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Tags: Double dabble
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This is the second addition of the B8 Series. Otherwise known as the BURTONABLE 8 256 it is capable of running programs 256 lines long! as well as 7 instructions to use

LDA 0001: Loads the given value into the Accumulator

ADD 0010: The given value will be added to the accumulator

SUB 0011: The given value will be subtracted from the accumulator

OUT 1110: Shows the output of A and B

HALT 1111: Stops all

PRT 0110: Prints a 7 bit ASCII character to the TTY

CLRTTY 0101: Clears the TTY element

DRAW BLACK 1001: Draws the color black to the X (4 bits) and the Y (4 bits)

DRAW WHITE 1011: Draws the color white to the X (4 bits) and the Y (4 bits)

JC 1100: Only jumps up by the given data if 2 negative numbers add up to a positive number

sometimes the codes get corrupted just spam reset a couple times

FUN CODES: To use them, just double click the EEPROM

To retrieve a code just press the save button and then open the dev console (FN + Volume up MAC) or F12 (PC)

To put codes in the EEPROM double click it and paste the code



I would love to see your codes too so post them in the comments!


Oh and also The original B8 got deleted :(
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Same as V2 exempt that there is a Jump if zero command

JO: Jumps if the ALU output is 0

And you can under stand things better!

(these instructions arent done)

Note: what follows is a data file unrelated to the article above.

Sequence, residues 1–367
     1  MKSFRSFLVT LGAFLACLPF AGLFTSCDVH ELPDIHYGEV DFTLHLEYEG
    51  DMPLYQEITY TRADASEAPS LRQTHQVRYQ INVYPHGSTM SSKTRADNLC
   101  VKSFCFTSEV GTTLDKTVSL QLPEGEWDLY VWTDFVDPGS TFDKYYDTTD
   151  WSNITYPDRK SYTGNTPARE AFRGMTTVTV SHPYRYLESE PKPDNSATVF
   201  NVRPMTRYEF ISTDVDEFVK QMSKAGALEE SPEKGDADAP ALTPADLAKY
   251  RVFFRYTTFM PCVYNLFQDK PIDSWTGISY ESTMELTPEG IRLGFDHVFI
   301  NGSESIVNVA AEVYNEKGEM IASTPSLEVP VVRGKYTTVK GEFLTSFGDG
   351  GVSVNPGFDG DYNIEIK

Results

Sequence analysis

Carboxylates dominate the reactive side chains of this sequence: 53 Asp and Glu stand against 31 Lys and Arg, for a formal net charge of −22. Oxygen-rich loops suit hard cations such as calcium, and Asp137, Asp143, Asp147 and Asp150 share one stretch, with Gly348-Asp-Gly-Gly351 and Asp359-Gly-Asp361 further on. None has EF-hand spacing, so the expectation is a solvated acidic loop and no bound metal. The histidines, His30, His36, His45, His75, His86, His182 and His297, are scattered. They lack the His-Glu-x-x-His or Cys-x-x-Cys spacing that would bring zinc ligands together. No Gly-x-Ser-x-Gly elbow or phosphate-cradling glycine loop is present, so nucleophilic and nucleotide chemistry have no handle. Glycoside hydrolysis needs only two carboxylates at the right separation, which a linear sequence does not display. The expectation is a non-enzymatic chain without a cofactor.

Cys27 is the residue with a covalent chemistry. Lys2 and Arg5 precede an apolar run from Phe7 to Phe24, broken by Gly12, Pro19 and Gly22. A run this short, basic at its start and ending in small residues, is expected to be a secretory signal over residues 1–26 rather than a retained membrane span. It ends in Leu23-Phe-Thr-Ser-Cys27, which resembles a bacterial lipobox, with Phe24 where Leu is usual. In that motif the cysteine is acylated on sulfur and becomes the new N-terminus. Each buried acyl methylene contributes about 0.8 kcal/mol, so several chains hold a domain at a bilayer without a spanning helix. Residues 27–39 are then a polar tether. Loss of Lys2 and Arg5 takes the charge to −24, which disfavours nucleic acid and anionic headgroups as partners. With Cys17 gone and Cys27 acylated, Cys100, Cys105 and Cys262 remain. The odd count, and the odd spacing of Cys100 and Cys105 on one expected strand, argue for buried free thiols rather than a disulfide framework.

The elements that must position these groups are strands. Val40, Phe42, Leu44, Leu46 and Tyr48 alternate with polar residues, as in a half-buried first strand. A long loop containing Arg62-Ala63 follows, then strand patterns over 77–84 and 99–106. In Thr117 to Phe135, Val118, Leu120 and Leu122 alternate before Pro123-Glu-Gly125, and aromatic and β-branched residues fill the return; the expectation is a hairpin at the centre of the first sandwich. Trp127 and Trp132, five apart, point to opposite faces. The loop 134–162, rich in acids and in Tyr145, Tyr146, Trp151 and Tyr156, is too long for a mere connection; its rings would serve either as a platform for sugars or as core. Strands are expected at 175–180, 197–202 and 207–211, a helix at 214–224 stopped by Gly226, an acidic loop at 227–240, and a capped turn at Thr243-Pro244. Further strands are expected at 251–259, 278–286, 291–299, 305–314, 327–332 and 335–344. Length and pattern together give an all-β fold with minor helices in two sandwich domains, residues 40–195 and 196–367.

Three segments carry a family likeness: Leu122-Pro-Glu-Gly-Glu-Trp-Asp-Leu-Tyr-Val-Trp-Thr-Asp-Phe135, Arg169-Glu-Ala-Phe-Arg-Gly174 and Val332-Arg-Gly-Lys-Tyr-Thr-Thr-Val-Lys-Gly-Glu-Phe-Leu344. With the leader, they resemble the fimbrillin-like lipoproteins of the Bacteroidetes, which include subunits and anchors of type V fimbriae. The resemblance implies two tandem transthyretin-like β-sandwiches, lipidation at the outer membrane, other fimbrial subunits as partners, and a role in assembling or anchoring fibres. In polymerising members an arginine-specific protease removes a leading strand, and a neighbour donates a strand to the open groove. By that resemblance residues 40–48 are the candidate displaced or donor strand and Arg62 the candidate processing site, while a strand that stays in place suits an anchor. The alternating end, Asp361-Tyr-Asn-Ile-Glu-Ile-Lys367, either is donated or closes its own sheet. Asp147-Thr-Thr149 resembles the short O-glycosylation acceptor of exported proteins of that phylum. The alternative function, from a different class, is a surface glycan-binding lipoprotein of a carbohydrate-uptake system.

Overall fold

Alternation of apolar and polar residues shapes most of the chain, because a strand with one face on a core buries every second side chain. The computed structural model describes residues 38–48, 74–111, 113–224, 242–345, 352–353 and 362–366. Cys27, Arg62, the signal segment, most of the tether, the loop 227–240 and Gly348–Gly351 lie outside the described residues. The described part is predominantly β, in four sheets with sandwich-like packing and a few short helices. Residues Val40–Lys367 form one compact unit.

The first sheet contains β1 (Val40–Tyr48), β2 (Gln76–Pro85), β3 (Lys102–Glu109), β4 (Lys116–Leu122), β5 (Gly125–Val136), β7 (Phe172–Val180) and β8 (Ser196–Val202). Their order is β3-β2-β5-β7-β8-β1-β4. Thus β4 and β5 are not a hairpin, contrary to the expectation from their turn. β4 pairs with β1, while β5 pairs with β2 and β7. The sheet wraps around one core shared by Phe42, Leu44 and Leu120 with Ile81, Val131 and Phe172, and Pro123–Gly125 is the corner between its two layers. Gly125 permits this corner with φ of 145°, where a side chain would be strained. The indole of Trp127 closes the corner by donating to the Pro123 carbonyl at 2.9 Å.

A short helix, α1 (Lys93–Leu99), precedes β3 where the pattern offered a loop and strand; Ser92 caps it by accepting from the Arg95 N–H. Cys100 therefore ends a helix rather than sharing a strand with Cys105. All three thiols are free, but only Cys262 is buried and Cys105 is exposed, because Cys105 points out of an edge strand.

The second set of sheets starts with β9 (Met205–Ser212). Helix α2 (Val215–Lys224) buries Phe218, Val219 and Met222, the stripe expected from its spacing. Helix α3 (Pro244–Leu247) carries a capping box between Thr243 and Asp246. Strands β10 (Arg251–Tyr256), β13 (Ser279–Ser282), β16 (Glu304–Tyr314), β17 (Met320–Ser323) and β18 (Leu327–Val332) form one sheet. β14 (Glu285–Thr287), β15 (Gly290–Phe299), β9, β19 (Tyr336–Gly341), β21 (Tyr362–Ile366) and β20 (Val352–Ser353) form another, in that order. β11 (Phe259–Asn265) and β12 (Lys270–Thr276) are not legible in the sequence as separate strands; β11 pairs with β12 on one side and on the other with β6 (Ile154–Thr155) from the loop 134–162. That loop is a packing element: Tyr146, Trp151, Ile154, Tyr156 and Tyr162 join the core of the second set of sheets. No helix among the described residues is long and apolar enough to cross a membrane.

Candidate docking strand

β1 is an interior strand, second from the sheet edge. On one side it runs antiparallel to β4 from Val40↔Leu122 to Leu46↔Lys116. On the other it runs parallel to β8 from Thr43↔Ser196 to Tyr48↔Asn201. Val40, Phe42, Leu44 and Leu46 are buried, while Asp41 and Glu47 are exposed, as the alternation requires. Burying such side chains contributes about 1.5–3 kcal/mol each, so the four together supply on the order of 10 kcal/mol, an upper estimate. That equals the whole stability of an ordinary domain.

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I have built a fully working converter that converts 16-bit binary code to BCD.

I wanted a mode with a small amount of gates instead of millions of cells connected in series to ROM. As a result, I designed the converter in a slightly different way, using only 5 ROM cells, one register, one shift register and, of course, since this is an algorithm where the operation is performed by cyclically changing one piece of data, we also need a control unit. This is only for clock control and a few minor details.

This conversion method is generally referred to as double-dabble, also known as shift-and-add-3. In fact, it is a large number of ROM cells, each cell handling a 4-bit or BCD code. It works by adding 3 to all numbers greater than or equal to 5, then shifting the entire range of bits to the left once. This cycle is repeated as many times as the length of the input bits, for example we have 8 bits and the cycle will be repeated eight times.

The main difference between my converter and the others is that mine is done by a clock that is constantly blinking, and drives the cyclical circulation of a piece of data continuously across exactly the same pair of cells. This method reduces the number of gates, but may be slightly slower and more complicated. While other circuits are mostly built with series connected ROM cells and this results in a simple circuit but a higher gate count compared to mine.

Below I have attached an image of one ROM cell that converts binary code to BCD. There is also a table that describes the behaviour of this cell perfectly.

For a better user experience, don't forget to read the instructions below.

1. Reset your device before conversion!
    (RST = Reset button)
2. Enter the binary form of a number!
    (Input binary code)
3. Press the button to start the conversion!
    (BGN = Begin)
4. The clock must be on, it must blink 16 times!
    (CLK = Clock)
5. Read the BCD value!
    (Output BCD)

If you like my project, please give me a star (the button is on the bottom right), because it means a lot to me!

I hope you like the plan. I hope you enjoy the experience.